When is an organisation ready for change?
How to manage change in an organisation
We often hear that organisations use the excuse of focusing on basics first before considering adopting new things, innovative working methods or to focus on better internal and external communications.
Because the organisation is in a difficult period to survive, company executives argue that ‘we should not take any risks in trying new things. We should concentrate on improving business results asap’.
When is an organisation ready for change? Learning from Apple
Let’s learn from an organisation which has a leader who thought different.
After being away for quite some years, Steve Jobs returned to Apple at a time that Apple was going almost bankrupt and was in a very difficult position.
He became the new CEO and put himself on the payroll for just $ 0,01. He decided that it was time to make drastic changes. First he was able to get a loan from his buddies at the great and tremendous successful organisation Microsoft.
The Apple Organization: Think different
In 1996/ 1997, Apple reduced the product portfolio; they started the implementation worldwide of a new enterprise system (SAP) and implemented a new clear company philosophy called “think different”.
Jobs philosophy was that Apple should not sell just a product. It should be an experience so that when the consumer buys it and shows it to their friends, these friends immediately should get jealous.
All employees needed to know what they were standing for within this new philosophy and the rumour inside Apple was spread at that time, that you better know yourself what value you were adding to the Apple organisation in this new spirit.
Otherwise, you might end up at the HR department with possible consequences.
Change of mindset
During this period I held various Logistics and Supply Chain Management positions in Apple Europe.
I remember feeling shocked at the beginning and very nervous about the future, but also excited to start swimming in deep water that I did not know where would it end.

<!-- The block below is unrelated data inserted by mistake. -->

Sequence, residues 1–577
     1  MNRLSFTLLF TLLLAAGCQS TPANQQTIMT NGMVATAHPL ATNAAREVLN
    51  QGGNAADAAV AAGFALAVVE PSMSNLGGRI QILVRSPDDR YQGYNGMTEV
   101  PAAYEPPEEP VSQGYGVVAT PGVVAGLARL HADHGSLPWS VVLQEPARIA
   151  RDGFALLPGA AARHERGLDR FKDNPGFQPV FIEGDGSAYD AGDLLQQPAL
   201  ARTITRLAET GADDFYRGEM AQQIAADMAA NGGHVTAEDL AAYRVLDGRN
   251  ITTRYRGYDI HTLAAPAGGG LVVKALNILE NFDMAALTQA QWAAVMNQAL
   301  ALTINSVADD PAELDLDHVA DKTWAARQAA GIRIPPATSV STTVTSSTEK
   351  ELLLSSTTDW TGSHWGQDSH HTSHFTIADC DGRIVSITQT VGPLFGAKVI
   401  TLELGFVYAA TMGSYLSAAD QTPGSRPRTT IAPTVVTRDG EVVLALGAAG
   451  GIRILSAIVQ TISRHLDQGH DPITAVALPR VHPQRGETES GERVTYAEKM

This complete change of mindset was communicated very effectively, by introducing many changes that you could not miss being involved in.
Without the social media tools available at that time, Jobs was still able to orchestrate top down, but also bottom up the communication in his organisation in such a way that his stunning speeches were not only noticed by the journalists, the market, but also by his employees.
I remember having to remove the dust in my mindset and start thinking different, out of the box.
We all know now what the results have been of this changed philosophy in Apple and the company even surpassed the company valuation of Microsoft.
Who would have believed this to happen in 1998?
Looking back, I feel unbelievably proud of having been part of the team that made the most significant changes at the beginning.
During this period I gained tremendous experience that I will never forget and I have used ever after in my career.
What you expect from a leader
This example demonstrates that companies and people really feel the need for making drastic changes when they are in rough weather and feeling economic difficulties.
In these periods, organisations are open for these major changes with an open and a clear communication top-down, but also bottom-up combined with charisma and clear leadership.
This is what they expect from a leader!
This way, you transform a negative element into a positive point to come out of these difficult times even better than ever before!
When organisations are performing reasonable, these kind of drastic changes are much more difficult to implement and management / employees are much more sceptical in accepting these.
Paul Hartong, Advisor, Celpax
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